Development of a virus neutralisation test to detect antibodies against Schmallenberg virus and serological results in suspect and infected herds
1 Department of Virology, Central Veterinary Institute of Wageningen University and Research Centre (CVI-Lelystad), P.O. Box 65, 8200 AB, Lelystad, The Netherlands
2 Livestock Research of Wageningen University and Research Centre, P.O. Box 65, 8200AB, Lelystad, The Netherlands
Acta Veterinaria Scandinavica 2012, 54:44 doi:10.1186/1751-0147-54-44Published: 7 August 2012
At the end of 2011, a new orthobunyavirus, tentatively named Schmallenberg virus (SBV), was discovered in Germany. This virus has since been associated with clinical signs of decreased milk production, watery diarrhoea and fever in dairy cows, and subsequently also with congenital malformations in calves, lambs and goat kids. In affected countries, initial surveillance for the infection was based on examination of malformed progeny. These suspicions were followed up by real-time reverse transcription polymerase chain reaction (RT-PCR) on brain tissue. For epidemiological purposes, a serological assay was, however, needed.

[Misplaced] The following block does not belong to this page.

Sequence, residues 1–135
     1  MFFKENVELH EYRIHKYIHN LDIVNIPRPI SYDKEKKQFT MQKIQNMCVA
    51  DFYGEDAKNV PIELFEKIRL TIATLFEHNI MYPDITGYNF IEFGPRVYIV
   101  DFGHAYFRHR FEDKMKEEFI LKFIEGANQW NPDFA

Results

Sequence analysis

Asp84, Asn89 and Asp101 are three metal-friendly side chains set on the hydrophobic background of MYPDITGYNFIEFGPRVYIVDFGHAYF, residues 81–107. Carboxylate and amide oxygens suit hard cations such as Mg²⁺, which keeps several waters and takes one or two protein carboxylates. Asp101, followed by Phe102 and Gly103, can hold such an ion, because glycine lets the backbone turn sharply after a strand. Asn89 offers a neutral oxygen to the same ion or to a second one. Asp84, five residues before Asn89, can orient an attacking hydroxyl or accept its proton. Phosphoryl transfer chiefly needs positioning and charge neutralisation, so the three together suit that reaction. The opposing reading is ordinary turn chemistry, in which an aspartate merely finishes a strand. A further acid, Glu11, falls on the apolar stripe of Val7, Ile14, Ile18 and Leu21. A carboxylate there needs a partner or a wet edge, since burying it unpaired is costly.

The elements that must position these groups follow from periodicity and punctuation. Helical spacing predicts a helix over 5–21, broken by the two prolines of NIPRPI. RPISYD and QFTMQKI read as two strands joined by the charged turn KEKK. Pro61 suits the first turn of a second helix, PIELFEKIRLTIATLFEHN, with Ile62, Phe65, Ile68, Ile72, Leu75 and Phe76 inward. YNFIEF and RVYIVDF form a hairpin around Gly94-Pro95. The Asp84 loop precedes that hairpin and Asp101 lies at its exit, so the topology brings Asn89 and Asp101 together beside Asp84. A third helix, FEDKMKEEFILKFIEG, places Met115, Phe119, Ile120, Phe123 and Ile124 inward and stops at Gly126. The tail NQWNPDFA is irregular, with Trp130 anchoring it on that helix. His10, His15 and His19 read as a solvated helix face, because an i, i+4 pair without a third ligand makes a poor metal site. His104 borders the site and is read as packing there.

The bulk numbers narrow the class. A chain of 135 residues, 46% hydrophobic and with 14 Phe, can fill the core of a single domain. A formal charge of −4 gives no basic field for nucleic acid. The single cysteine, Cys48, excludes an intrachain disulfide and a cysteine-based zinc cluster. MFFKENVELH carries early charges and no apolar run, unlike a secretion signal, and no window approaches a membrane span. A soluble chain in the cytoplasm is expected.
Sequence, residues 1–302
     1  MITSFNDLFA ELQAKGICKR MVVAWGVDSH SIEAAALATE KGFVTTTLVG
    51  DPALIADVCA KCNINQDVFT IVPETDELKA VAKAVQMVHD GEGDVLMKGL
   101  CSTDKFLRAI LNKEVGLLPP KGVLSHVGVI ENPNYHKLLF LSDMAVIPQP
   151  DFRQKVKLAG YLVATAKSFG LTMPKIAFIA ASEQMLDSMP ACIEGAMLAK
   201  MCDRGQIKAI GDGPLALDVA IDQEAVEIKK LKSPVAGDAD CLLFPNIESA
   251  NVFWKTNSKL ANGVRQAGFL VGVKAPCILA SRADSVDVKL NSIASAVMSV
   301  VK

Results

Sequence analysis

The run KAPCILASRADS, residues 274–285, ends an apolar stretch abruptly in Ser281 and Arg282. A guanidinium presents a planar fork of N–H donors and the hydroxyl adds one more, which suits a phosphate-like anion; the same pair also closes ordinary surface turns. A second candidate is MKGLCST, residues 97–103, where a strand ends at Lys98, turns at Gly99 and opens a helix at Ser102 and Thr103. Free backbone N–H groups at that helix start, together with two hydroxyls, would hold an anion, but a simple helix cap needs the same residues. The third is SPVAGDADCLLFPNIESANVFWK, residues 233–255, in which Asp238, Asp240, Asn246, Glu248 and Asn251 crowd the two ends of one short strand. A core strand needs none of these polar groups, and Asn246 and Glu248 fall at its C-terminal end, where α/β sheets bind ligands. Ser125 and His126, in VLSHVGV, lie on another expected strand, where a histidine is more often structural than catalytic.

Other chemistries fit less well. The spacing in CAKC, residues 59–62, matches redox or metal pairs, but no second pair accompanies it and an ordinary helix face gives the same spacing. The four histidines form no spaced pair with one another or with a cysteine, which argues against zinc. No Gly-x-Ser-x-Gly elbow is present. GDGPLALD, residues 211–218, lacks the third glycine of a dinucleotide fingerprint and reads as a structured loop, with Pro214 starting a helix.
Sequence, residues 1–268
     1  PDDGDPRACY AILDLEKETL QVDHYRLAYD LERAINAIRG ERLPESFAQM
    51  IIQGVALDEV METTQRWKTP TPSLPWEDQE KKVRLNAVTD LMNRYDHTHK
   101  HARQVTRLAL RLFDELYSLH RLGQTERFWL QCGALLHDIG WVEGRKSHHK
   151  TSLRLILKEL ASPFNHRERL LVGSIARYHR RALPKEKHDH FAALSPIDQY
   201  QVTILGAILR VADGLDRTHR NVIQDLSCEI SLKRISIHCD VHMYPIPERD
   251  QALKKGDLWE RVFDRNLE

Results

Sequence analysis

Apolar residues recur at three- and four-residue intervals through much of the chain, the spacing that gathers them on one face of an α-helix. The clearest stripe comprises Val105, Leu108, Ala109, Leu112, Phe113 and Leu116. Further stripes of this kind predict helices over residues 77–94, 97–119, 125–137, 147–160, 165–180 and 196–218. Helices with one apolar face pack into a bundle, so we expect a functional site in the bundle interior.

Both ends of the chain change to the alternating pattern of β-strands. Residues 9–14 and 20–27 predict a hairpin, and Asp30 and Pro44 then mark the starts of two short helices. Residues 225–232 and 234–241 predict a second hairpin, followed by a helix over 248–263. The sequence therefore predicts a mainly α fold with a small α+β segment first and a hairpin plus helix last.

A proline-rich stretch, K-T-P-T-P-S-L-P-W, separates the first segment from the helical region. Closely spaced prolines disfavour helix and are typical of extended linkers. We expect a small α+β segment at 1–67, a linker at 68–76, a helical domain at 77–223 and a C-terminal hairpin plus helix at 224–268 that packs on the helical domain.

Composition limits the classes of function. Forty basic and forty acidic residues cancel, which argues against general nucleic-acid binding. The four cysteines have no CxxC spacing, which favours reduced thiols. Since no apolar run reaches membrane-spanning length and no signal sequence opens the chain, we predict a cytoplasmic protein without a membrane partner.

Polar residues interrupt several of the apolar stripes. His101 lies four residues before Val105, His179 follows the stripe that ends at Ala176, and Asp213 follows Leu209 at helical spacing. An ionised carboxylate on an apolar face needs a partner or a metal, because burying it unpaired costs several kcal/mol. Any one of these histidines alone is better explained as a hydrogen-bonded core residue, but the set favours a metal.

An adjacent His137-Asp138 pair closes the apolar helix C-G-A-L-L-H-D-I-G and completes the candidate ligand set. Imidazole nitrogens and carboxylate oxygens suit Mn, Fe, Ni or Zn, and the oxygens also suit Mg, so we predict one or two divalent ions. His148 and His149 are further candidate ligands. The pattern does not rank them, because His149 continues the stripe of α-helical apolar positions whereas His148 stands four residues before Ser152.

A virus neutralisation test (VNT) was developed and optimized, and subsequently evaluated. This VNT has a specificity of >99% and the sensitivity is likely also very close to 100%. The assay is highly repeatable and reproducible. The final assay was used to test for antibodies in cows, ewes and does from herds known to be infected or suspected to be so. Targets for sampling in these herds were the mothers of malformed offspring. In herds with an RT-PCR confirmed SBV infection, more than 94% (190 out of 201) of the ewes and 99% (145 out of 146) of the cows were seropositive. In herds with suspicion of SBV infection based on birth of malformed offspring only (no or negative RT-PCR), more than 90% (231 out of 255) of the ewes and 95% (795 out of 834) of the cows were seropositive. In goats, on the other hand, only a low number of seropositives was found: overall 36.4%, being 16 out of 44 goats tested.
Given the characteristics of this VNT, it can be used at a relative high throughput for testing of animals for export, surveillance, screening and research purposes, but can also be used as a confirmation test for commercially available enzyme-linked immunosorbent assays (ELISA’s) and for (relative) quantification of antibodies.
Suspicions of SBV infections that were confirmed by RT-PCR were almost always confirmed by serology in cows. Due to individual registration and identification of cows and calves, affected offspring could almost always be traced back to the mother. Ewes on the other hand were not always the mothers of affected lambs, but were in many cases herd mates with unaffected lambs. This indicated a high within-herd seroprevalence of antibodies against SBV.